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Newbury, Berkshire

Historical Description

Newbury, a municipal borough, a market-town, and head of a union, petty sessional division, and county court district; in Berkshire. The town stands on the river Kennet at its junction with the Kennet and Avon Canal, and on the G.W.R., which has a station here, 9 miles E from Hungerford, 17 W by S from Reading, and 56 from London. It originated in the Roman station Spinse, and was built out of the ruins of that station, on a neighbouring site, under the name of Nyuburi. Spene is mentioned in a charter by King Kenwulf to the Saxon abbot Bethune in 821; two villages, called Spone and Bagnor, were on the site of the original Spinse at Domesday; and the places called Speen and Speenhamland, now adjacent to Newbury, perpetuate the ancient name. The manor was given by William the Conqueror to Emulph de Hesdin; passed to the Marshalls of Hampstead Marshall, the Bigods, and others; was given, as a jointure, to Queen Jane Seymour and to Queen Anne of Denmark; and now belongs to the corporation. A castle was built at Newbury by some early owner of the manor, and is recorded by Hollingshed to have been besieged and taken by King Stephen. King John, while hunting at Kingsclere, often visited Newbury, and he is said in an ancient ballad to have been concealed in the house of an old spinning-woman here when he fled from his insurgent barons, and according to a legend to have founded the almshouses, now called St Bartholomew's Hospital, in gratitude for his escape. The town in 11 Edward III. sent three deputies to a great council of trade held at Westminster, and during the times of Henry VII. and Henry VIII. it rose to high eminence as a seat of broadcloth manufacture. John Smallwood, alias Winchcombe, commonly called " Jack of Newbury," one of its cloth manufacturers, who kept 100 looms at work, marched at the head of 100 of his workmen, equipped at his own expense, to aid in resisting the Scottish invasion which terminated at the battle of Flodden; gave entertainment in Newbury, after his return, to Henry VIII.; procured afterwards from the king some privileges on behalf of the Newbury manufacturers; and is commemorated in a brass in the parish church. Christopher Shoemaker was burnt at Newbury in 1518 for reading the Gospels to a listener; and Julius Palmer, a fellow of Magdalen College, Oxford, was burnt in company with two others on 16 July, 1556, at a place called the Sand Pits, a quarter of a mile from Newbury. Two sanguinary battles were fought in the vicinity of the town during the Civil Wars of Charles I.; the first, in 1643, on a common called the Wash; the second, in 1644, in the fields between Newbury, Speen, and Shaw. A handsome memorial, 33 feet in height, and containing about 40 tons of granite, terminated by a monolith 17 feet in height, has been erected on the spot where Lord Falkland fell in the first battle of Newbury, and was inaugurated with much ceremony by the late Earl of Carnarvon in 1878. Several tumuli, covering the remains of the slain, still exist on the Wash battlefield, and chain-shot, cannon-balls, and other relics of the fight are still occasionally found. The astronomer F. Baily was a native of Newbury, and the Marquis of Cholmondeley takes from the town the title of Baron.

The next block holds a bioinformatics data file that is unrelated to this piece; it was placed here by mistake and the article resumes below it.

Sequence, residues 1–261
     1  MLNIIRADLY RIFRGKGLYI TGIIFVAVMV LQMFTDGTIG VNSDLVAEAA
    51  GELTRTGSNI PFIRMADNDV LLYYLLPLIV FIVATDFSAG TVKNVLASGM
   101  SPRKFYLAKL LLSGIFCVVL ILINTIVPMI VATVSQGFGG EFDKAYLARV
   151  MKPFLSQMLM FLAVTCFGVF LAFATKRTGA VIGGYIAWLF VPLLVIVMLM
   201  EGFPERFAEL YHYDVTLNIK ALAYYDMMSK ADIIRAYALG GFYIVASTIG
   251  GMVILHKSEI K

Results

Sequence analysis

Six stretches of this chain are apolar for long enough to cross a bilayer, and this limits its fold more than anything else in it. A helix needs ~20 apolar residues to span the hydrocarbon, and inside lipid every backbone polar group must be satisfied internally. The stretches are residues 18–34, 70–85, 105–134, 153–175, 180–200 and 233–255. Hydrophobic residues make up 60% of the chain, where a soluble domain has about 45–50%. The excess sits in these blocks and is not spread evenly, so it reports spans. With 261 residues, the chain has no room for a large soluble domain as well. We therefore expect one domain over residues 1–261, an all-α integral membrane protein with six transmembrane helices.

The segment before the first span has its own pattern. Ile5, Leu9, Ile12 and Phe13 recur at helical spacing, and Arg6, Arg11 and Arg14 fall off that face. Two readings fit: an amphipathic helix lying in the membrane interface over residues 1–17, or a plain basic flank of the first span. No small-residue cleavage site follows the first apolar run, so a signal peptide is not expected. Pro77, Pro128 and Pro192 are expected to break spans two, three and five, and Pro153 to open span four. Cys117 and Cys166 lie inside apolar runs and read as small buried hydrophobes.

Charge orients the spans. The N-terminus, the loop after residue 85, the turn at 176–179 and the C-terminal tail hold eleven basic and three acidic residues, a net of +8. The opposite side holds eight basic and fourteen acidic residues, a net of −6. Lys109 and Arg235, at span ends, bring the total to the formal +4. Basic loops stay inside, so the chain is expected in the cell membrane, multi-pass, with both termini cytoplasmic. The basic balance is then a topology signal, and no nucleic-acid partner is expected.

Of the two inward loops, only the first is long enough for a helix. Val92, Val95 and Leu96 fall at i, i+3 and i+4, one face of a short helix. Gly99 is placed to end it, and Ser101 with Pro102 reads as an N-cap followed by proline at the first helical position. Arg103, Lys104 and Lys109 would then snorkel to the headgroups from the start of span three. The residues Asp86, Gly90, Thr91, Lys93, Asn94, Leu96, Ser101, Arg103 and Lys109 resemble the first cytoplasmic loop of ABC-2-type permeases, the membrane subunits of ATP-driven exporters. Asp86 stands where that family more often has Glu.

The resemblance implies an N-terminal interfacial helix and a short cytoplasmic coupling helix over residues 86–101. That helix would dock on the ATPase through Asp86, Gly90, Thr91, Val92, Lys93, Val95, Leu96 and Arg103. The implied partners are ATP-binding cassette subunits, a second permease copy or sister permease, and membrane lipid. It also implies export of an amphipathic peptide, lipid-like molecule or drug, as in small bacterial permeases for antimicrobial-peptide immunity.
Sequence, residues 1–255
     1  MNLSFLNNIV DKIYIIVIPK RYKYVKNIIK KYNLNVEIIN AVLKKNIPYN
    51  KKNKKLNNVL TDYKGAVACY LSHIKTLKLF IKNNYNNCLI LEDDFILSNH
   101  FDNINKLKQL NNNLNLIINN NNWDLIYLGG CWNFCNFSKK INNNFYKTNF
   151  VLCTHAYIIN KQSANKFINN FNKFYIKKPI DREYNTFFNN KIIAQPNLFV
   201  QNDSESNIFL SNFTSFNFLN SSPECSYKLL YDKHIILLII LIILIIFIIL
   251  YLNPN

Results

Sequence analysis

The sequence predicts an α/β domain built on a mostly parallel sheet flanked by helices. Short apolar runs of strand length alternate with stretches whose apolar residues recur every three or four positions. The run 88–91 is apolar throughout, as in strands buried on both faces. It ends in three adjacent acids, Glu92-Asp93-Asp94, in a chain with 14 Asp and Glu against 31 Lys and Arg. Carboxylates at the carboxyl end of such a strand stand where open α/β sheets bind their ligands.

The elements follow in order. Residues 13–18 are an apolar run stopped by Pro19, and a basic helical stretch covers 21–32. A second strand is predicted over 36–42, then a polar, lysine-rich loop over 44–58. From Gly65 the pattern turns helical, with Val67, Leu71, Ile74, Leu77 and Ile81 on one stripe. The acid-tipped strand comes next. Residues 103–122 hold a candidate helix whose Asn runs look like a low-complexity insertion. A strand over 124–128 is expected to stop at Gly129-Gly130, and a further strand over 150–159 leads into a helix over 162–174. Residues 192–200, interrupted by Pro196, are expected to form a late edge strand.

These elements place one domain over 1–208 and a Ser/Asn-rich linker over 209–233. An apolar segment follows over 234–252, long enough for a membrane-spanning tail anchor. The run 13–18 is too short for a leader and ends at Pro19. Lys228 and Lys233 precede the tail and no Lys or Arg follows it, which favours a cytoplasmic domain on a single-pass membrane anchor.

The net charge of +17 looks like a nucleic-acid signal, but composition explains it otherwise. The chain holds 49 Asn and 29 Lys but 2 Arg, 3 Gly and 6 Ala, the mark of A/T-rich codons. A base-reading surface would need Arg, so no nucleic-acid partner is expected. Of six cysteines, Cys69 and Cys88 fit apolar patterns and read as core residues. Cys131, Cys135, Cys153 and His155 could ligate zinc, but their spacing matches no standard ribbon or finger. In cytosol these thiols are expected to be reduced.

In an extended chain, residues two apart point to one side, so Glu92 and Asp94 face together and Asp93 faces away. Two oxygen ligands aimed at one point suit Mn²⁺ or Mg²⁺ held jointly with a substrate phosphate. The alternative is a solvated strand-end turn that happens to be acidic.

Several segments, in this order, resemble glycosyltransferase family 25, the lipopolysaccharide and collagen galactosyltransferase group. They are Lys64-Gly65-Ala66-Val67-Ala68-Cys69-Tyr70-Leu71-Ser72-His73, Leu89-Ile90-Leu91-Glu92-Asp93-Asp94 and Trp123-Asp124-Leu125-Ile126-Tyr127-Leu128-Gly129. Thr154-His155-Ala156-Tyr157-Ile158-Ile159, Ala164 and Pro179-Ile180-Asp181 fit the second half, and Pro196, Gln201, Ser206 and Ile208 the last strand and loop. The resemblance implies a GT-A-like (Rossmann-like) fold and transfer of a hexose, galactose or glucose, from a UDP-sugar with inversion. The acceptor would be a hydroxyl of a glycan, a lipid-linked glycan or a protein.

The town stands in a fertile valley, amid pleasant environs, consists mostly of broad and well-paved streets, and presents a solid and quiet appearance. It contains many ancient houses, several of which are interesting from their architecture, while others are interesting from their historical associations. The soil beneath it is part of a bed of peat, not more than half a mile wide, but many miles long, and abounding in curious geological remains; and this soil, being of an elastic nature, occasions a perceptible vibration in the houses when any heavy waggon passes along the streets. A neat stone bridge takes the principal thoroughfare across the Kennet. The town is a municipal borough by prescription, and was first chartered by Elizabeth in 1596, additional privileges being granted by James I., Charles I., and Charles II. It has a commission of the peace and a separate court of quarter sessions. The borough area was extended by Act of Parliament in 1878, and it now includes Speenhamland, part of Greenham, and other outlying portions of the town. It is governed by a corporation, consisting of a mayor, 6 aldermen, and 18 councillors, who also act as the urban sanitary authority. The public buildings of the town include The municipal buildings on the W side of the market-place, erected in 1876-77, the old town-hall which adjoins them, a corn exchange, parish room, a dispensary, a district hospital, and a literary institute. The workhouse in Newtown Road is of red brick, built to accommodate 263 inmates. The council chamber contains a portrait formerly supposed to be that of Jack of Newbury, but it really is that of his son. The Corn Exchange was built in 1862 at a cost of £6500; is a handsome and commodious building in the Italian style; presents a front of Bath stone, with Corinthian pilasters; measures 160 feet in length, 50 in width, and 50 in height; and has an iron roof glazed with Hartley's rough glass. The Literary and Scientific Institution contains a good library, and a museum in connection with it contains a geological collection from the peat deposits around the town, and other curiosities both local and general. The Art and Technical Institute, erected in 1894, adjoins this building. The parish church, or St Nicholas' Church, is a spacious building of stone in the Late Perpendicular style, with a western tower which has octagonal turrets. It is said to have been built, in part at least, by Jack of Newbury; as the initials " J. S." occur on the bosses of the roof of the nave. There is a brass to his memory in the church, which contains also several other ancient brasses, tombs, and monuments. The church was restored in 1867 at a cost of £15,000. Two rectors of this church were the famous nonconformist W. Twiss and the father of the poet Penrose. St John's Church was built in 1860, is of red brick with stone dressings in the Decorated English style, consists of nave, N aisle, and chancel, with bell-turret, and has large E and W windows filled with stained glass. The living of the mother parish of Newbury is a rectory in the diocese of Oxford; gross value, £600 with residence, in the gift of the Bishop of Oxford. The ecclesiastical parish of St John the Evangelist was formed in 1859 out of the parishes of Newbury and Greenham. The living is a vicarage of the net value of £258, in the gift of the Bishop of Oxford. There are a small Roman Catholic church, a Baptist, a Particular Baptist, Congregational, two Primitive Methodist, Unitarian, and Wesleyan chapels, and the Brethren have a meeting-room. The charities of Newbury are numerous, valuable, and important. The hospital of St Bartholomew is a very ancient foundation, had a charter granted by King John, has an income of about £900 a year, and supports St Bartholomew's Grammar School and twenty-four almshouses. There is a chapel called " The Litten," at which it is said Jack of Newbury was married. There is a church estate worth about £260 a year, and there are other charities amounting to upwards of £3200 a year. A portion of the money is distributed in coin, a portion in kind, other portions are devoted to education and to apprenticing, and the remainder is devoted to the support of almshouses, of which there are about ninety, of various foundations in different parts of The town.